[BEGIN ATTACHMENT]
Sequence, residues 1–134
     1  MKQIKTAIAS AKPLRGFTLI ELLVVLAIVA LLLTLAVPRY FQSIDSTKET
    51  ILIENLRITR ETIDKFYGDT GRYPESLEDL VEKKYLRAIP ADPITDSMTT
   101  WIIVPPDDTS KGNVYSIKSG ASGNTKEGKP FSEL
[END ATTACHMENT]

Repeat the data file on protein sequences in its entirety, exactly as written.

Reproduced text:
Sequence, residues 1–134
     1  MKQIKTAIAS AKPLRGFTLI ELLVVLAIVA LLLTLAVPRY FQSIDSTKET
    51  ILIENLRITR ETIDKFYGDT GRYPESLEDL VEKKYLRAIP ADPITDSMTT
   101  WIIVPPDDTS KGNVYSIKSG ASGNTKEGKP FSEL